In other words, Allah swt created mankind from a single origin, the mutual basis of all humanity. This basis is then followed by a set of values that is a practical translation of appreciating human dignity like kindness, justice and mercy. In this very same verse, Allah swt introduced diversity in His perfect design that branches out from that single origin. The action that entails to this diversity is to know one another, a notion that promotes peace and co-existence. Allah swt mentions in the Quran:
Surely, We have revealed to you the Book with the truth, so that you may judge between people according to what Allah has shown you. Do not be an advocate for those who breach trust. 
The verse above was directed to people in general rather than specifying it to Muslims. The event where the verse was sent down, took place in Madinah when a group of Muslims accused a Jew of theft. They later found the Jew to be innocent and that the perpetrator was a fellow Muslim instead. If this truth were to be exposed, he would be prosecuted. This truth was then intended to be hidden to protect the Muslim thief from being punished accordingly, leaving the Jew to be prosecuted instead. The verse exposed the defect of blind affiliation or fanaticism to falsehood and unethical values while affirming the rights of the falsely accused non-Muslim to Justice, freedom and Security.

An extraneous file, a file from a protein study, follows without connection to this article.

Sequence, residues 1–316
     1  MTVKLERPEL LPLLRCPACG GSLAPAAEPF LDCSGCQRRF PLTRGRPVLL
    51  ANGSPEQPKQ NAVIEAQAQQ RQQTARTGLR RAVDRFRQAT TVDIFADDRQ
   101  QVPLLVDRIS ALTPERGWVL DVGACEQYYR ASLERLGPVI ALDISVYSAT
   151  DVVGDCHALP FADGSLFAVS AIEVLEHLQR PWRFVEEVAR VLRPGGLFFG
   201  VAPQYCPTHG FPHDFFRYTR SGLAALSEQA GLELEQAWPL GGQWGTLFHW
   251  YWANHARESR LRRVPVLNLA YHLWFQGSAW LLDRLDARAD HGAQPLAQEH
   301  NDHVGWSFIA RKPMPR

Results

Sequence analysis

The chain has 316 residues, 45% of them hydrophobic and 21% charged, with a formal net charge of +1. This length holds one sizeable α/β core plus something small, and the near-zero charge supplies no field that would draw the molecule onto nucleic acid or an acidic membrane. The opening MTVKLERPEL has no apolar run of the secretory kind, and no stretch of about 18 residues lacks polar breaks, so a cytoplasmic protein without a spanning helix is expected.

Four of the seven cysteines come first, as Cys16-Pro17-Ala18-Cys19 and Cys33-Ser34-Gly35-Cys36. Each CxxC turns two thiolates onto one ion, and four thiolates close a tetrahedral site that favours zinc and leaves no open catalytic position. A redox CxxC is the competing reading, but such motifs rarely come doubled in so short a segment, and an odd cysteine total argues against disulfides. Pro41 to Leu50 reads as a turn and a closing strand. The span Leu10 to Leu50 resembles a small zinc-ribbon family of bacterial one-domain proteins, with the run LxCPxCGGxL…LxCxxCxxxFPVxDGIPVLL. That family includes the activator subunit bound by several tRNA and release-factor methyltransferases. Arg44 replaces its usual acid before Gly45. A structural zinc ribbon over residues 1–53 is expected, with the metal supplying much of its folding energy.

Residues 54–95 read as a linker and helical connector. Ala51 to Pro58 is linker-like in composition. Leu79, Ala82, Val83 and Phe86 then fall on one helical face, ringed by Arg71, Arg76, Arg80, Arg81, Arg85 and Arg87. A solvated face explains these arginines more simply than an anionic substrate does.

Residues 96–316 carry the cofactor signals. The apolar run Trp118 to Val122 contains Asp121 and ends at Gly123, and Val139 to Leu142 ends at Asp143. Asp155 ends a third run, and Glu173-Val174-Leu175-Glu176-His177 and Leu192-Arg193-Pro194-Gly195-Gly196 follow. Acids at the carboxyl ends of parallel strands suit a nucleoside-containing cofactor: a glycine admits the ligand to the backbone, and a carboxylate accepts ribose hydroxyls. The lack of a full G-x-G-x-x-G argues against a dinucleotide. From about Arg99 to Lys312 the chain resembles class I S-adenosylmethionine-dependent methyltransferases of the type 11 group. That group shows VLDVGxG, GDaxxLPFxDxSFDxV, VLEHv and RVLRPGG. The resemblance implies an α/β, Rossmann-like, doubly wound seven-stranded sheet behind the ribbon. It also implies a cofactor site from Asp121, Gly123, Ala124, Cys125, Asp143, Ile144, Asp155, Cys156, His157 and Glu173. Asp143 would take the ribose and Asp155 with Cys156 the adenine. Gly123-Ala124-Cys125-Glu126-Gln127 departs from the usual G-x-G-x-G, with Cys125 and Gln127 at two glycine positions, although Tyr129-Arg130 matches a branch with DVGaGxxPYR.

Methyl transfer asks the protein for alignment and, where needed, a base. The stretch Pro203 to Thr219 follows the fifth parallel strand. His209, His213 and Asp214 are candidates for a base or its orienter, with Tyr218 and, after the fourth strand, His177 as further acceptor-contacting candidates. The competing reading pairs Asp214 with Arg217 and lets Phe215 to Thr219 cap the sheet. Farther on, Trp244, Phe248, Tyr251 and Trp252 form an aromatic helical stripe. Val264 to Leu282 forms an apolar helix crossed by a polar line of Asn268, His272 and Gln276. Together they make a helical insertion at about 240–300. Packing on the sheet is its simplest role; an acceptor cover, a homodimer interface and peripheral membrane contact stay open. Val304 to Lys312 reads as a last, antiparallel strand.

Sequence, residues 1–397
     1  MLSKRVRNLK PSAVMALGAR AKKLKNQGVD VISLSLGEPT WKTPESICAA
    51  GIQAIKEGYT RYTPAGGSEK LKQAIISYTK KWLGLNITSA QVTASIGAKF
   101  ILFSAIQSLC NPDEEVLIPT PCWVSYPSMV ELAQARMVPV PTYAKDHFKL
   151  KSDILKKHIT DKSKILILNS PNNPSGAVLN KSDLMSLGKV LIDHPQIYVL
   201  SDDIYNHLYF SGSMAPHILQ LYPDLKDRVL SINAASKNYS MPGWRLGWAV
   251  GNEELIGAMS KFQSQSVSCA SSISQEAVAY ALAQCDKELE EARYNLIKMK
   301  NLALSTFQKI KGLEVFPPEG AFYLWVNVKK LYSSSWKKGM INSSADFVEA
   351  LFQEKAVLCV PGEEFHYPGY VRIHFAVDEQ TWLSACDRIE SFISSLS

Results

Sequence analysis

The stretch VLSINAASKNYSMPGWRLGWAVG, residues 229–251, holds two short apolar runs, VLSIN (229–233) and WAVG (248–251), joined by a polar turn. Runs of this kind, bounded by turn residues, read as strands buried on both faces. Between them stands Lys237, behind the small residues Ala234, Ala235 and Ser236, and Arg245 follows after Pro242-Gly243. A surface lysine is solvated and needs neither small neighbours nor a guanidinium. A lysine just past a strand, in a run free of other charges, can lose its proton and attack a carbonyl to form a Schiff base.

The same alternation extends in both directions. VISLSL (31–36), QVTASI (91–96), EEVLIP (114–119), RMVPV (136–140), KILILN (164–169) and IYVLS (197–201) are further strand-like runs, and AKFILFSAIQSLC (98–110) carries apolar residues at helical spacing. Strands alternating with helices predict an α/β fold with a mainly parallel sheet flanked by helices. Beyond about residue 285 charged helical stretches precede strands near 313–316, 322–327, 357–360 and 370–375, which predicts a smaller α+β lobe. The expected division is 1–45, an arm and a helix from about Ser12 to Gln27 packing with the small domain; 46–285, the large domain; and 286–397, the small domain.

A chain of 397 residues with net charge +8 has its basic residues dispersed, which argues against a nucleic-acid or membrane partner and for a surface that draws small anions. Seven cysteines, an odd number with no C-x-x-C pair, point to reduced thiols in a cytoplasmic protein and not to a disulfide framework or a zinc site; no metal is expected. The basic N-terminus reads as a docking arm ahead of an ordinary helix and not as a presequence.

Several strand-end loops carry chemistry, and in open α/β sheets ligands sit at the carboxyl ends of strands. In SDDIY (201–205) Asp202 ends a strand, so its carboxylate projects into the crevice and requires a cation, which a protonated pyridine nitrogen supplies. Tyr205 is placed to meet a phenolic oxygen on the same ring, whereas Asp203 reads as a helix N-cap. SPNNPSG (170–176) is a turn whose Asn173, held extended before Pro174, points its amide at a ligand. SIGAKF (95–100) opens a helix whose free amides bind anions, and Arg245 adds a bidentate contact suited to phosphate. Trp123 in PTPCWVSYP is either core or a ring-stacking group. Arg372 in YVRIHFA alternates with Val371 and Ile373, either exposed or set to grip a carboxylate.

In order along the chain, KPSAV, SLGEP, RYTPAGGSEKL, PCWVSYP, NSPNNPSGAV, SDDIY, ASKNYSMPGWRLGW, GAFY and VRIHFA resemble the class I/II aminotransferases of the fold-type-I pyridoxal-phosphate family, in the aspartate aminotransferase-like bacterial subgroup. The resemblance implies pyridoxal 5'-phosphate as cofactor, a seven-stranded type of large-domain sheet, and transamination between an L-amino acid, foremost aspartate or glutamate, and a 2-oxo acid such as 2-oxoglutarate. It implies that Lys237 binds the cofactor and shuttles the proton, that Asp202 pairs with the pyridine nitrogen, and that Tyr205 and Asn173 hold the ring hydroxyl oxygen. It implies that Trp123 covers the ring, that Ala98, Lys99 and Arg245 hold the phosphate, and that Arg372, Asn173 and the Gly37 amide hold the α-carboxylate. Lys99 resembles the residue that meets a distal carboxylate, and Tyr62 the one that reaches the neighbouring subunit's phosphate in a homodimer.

Hence Islam as a bond that binds the perpetrator with the Muslim community together has been cut off when his unjust and oppressive action contradicts with the teachings of the religion. In other words, religion as a bond that connects a Muslim with his brother in faith should neither be an excuse to cut the bonds of humanity (ethical values) nor the bonds of citizenship (society). 
Allah does not forbid you as regards those who did not fight you on account of faith, and did not expel you from your homes, that you do good to them, and deal justly with them. Surely Allah loves those who maintain justice. 
In this verse Allah swt encourages Muslims to treat Non-Muslims that do not preach animosity with Muslims because of their religion per-se, with Kindness & Justice. A step further than just respecting the presence and space of the religious other. Throughout the years, the religious communities in Singapore have embraced religious diversity and despite some regretful events, these communities showed maturity to rise above resentments of hate for the greater good of harmony. This includes expressing joy in the pleasure of others like congratulating them for their festive celebrations without celebrating it or offering condolences and standing in solidarity for their loss.